Dealing with tankers and haz is much more involved and it takes the right person to do it and do it well. You put on another driver and their actions are on your plate as far as the company is concerned. Remember with employee’s comes another set of bills, IE: Payroll taxes, workers comp ins, unemployment ins, etc. Before you go further I would check with your company and state to get an idea what your going to have to do.

DAC:

Drive-A-Check Report

A truck drivers DAC report will contain detailed information about their job history of the last 10 years as a CDL driver (as required by the DOT).

It may also contain your criminal history, drug test results, DOT infractions and accident history. The program is strictly voluntary from a company standpoint, but most of the medium-to-large carriers will participate.

Most trucking companies use DAC reports as part of their hiring and background check process. It is extremely important that drivers verify that the information contained in it is correct, and have it fixed if it's not.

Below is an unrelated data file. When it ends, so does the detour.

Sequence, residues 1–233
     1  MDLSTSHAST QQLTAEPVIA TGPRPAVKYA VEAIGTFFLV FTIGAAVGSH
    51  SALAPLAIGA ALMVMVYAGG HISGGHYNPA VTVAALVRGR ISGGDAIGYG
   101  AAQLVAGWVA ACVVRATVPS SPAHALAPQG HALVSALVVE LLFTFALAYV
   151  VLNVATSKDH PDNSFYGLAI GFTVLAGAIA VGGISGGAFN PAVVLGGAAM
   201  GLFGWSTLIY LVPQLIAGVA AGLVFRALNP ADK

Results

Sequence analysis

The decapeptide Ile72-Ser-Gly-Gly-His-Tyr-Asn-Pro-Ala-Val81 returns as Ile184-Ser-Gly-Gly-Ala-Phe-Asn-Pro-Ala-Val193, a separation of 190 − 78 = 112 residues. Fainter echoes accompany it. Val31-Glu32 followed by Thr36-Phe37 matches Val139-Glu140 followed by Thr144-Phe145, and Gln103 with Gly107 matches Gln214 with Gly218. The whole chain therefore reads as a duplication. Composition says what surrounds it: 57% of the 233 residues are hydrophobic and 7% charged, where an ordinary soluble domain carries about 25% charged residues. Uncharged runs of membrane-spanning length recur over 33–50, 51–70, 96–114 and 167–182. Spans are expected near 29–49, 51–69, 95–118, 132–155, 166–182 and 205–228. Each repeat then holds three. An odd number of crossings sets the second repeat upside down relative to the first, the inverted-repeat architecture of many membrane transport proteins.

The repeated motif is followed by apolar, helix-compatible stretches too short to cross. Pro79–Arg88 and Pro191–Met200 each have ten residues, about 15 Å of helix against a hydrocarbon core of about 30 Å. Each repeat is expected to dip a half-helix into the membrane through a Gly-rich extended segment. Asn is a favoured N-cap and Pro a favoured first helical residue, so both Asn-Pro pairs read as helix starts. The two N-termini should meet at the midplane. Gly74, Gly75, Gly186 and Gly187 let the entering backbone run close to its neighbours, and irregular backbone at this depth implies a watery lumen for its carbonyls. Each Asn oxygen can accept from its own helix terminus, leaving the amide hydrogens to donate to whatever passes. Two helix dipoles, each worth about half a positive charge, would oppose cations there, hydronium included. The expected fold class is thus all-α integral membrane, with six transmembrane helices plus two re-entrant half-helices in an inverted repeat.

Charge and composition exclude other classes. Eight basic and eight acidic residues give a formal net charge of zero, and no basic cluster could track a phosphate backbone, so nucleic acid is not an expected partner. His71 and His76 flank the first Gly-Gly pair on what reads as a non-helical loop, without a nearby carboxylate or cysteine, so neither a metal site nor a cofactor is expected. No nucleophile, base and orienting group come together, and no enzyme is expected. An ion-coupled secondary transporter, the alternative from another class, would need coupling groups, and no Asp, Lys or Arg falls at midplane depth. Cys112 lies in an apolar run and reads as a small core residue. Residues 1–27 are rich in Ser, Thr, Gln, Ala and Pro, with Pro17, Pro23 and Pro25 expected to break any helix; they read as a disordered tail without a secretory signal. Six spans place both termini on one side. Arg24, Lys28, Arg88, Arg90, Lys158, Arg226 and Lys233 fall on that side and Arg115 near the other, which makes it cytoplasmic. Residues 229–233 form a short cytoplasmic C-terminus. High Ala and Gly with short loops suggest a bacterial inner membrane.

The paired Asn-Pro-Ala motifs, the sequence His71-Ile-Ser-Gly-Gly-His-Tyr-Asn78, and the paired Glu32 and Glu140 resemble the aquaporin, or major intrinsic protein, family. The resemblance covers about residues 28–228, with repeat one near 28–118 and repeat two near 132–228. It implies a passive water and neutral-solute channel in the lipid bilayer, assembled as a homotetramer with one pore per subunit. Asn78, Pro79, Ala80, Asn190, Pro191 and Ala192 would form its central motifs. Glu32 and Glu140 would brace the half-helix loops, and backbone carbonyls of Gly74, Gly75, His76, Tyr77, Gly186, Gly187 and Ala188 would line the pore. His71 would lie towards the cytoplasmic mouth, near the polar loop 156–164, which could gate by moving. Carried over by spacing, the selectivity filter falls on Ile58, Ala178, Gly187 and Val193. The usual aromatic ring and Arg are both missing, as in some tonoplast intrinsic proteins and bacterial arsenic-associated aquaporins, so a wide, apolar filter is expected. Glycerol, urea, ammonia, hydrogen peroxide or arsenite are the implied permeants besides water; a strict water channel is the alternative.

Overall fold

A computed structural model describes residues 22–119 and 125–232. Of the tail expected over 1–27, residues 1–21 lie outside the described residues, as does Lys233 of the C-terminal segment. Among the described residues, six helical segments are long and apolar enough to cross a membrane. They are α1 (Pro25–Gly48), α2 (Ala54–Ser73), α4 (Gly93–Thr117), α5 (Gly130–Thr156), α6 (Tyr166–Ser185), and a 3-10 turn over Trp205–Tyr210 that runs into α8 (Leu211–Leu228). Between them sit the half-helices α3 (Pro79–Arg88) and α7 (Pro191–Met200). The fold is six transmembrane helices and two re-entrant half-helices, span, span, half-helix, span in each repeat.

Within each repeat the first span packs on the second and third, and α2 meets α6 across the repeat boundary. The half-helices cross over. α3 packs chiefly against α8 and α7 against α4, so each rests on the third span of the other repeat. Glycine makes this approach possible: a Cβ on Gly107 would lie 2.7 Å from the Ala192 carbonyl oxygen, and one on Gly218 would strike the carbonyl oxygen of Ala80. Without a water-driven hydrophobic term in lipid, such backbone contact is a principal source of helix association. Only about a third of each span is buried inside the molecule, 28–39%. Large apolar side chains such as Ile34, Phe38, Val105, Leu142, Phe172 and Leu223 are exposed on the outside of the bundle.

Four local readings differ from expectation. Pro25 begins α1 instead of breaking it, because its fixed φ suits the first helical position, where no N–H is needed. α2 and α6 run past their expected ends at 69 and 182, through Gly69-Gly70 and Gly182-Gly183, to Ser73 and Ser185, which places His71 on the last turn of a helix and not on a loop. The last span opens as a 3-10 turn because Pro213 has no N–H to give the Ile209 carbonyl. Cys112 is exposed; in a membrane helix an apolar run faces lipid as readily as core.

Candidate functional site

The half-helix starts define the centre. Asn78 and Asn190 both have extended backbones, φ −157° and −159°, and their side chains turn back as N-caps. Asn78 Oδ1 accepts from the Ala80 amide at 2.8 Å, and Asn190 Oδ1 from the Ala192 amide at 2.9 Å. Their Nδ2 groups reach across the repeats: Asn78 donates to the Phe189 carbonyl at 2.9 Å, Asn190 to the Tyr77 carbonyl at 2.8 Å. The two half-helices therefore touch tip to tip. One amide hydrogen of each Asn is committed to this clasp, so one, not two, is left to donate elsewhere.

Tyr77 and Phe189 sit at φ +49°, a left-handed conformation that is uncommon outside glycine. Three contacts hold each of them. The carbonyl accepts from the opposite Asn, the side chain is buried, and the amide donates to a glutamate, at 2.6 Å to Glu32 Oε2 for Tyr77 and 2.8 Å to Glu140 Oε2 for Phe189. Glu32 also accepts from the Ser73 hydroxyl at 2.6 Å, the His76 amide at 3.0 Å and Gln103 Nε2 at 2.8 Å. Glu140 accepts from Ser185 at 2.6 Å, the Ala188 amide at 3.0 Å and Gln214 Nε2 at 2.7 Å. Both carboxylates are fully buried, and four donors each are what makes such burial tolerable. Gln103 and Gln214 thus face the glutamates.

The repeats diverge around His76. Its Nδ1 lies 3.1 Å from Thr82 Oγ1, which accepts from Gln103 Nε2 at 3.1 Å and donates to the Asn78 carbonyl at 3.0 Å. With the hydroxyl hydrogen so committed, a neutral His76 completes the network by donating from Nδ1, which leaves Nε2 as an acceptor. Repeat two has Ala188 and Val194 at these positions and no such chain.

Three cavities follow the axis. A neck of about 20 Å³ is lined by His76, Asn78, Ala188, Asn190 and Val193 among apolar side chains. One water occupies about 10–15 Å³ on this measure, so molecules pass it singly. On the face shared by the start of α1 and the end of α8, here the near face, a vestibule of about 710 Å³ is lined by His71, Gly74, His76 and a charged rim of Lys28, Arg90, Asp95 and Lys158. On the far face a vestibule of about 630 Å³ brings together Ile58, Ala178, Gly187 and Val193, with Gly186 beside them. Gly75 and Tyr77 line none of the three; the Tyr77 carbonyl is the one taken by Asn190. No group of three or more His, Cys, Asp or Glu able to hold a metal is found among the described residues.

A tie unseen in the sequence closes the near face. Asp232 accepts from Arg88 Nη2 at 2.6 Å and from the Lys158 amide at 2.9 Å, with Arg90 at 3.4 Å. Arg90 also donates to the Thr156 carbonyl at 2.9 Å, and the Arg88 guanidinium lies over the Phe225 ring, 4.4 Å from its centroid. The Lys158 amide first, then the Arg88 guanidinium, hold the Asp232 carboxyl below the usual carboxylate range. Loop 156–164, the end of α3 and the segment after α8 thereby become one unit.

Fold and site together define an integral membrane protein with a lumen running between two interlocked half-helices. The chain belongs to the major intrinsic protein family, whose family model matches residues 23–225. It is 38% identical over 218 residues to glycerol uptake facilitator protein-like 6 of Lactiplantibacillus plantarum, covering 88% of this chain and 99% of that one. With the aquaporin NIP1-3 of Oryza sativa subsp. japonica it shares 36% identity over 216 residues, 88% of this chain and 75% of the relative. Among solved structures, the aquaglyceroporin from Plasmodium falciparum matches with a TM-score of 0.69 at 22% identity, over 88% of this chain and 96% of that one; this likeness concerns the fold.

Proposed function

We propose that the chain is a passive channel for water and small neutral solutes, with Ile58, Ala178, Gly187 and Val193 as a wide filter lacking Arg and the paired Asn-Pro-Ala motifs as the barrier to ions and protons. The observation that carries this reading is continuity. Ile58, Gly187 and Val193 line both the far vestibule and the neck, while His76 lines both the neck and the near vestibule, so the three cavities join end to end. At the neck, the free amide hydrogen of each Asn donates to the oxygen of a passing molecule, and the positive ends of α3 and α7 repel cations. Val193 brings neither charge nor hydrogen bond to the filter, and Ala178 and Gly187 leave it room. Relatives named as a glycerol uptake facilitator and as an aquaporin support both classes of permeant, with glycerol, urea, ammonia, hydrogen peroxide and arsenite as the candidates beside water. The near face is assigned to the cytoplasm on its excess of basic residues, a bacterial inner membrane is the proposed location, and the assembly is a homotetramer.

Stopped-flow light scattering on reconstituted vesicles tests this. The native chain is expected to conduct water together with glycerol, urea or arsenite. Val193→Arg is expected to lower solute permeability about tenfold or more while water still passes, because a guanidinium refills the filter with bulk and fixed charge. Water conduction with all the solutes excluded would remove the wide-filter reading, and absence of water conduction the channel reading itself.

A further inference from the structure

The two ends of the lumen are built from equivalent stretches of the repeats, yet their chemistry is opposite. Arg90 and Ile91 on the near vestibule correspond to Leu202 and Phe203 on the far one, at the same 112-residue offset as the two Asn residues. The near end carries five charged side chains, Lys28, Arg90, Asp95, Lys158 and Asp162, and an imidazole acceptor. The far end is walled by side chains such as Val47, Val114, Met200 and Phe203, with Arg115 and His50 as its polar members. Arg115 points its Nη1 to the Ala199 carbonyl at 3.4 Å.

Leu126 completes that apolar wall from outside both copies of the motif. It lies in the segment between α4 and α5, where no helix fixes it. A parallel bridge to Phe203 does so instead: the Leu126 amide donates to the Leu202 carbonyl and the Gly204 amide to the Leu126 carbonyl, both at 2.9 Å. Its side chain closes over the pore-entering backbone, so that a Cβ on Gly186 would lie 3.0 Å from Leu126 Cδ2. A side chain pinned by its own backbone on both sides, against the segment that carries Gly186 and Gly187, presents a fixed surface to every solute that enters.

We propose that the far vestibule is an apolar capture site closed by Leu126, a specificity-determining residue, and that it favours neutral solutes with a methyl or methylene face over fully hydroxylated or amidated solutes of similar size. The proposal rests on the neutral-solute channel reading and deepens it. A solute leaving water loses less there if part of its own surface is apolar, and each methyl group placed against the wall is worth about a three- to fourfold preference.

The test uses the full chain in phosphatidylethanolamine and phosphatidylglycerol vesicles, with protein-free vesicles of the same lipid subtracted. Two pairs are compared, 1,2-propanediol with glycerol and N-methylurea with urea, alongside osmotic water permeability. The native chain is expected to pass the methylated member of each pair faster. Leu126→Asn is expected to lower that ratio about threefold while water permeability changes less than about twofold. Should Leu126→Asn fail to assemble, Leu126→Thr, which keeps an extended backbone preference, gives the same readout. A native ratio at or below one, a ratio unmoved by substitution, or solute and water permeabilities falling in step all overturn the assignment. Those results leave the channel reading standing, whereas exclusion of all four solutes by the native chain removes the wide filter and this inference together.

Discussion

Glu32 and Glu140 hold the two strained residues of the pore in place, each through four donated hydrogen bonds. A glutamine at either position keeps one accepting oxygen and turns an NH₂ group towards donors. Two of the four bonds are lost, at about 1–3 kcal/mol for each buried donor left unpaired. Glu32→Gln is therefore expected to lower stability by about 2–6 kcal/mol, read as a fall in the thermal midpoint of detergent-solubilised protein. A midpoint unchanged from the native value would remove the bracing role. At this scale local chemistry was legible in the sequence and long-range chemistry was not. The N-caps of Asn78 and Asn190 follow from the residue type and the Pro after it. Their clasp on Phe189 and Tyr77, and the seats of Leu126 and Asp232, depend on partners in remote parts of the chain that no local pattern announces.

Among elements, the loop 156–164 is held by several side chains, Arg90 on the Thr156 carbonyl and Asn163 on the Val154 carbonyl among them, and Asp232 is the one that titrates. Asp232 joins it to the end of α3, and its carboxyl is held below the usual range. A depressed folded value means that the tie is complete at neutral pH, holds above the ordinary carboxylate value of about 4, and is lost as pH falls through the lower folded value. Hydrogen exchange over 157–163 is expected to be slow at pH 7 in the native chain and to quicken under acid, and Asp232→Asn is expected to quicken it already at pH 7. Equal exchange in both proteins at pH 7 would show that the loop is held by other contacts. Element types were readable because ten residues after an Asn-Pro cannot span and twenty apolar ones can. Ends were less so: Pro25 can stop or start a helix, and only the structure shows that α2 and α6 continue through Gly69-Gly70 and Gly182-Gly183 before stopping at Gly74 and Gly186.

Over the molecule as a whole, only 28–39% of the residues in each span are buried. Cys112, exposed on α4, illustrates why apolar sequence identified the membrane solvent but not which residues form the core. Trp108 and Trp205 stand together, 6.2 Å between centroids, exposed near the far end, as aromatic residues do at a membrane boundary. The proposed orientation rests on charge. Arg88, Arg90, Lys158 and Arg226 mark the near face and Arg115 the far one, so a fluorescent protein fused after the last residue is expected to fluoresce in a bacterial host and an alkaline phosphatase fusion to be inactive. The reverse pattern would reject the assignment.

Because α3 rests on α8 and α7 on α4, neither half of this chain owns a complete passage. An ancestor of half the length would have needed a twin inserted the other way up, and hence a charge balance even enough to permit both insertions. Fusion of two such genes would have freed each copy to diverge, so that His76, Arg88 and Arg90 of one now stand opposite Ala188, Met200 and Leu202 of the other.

David D.'s Comment
member avatar

I think we are getting off topic here by saying how I should manage business, how the market is, and what the bills entail. I understand how it works, have a plan, and realize what it will take to buy MORE trucks and that not what I'm asking. The question is what is the best way to put her to work and how has anyone else done that in the past? How has using a spouse doing clerical work and logistics benefited people in the past?

Old School's Comment
member avatar

David, when I need an answer I generally go ask people who have experience at what I need to know. There's probably less than 1% of us here doing what you are asking about.

BK's Comment
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My first question for couples thinking of going team is : Do you have a plan for the inevitable divorce?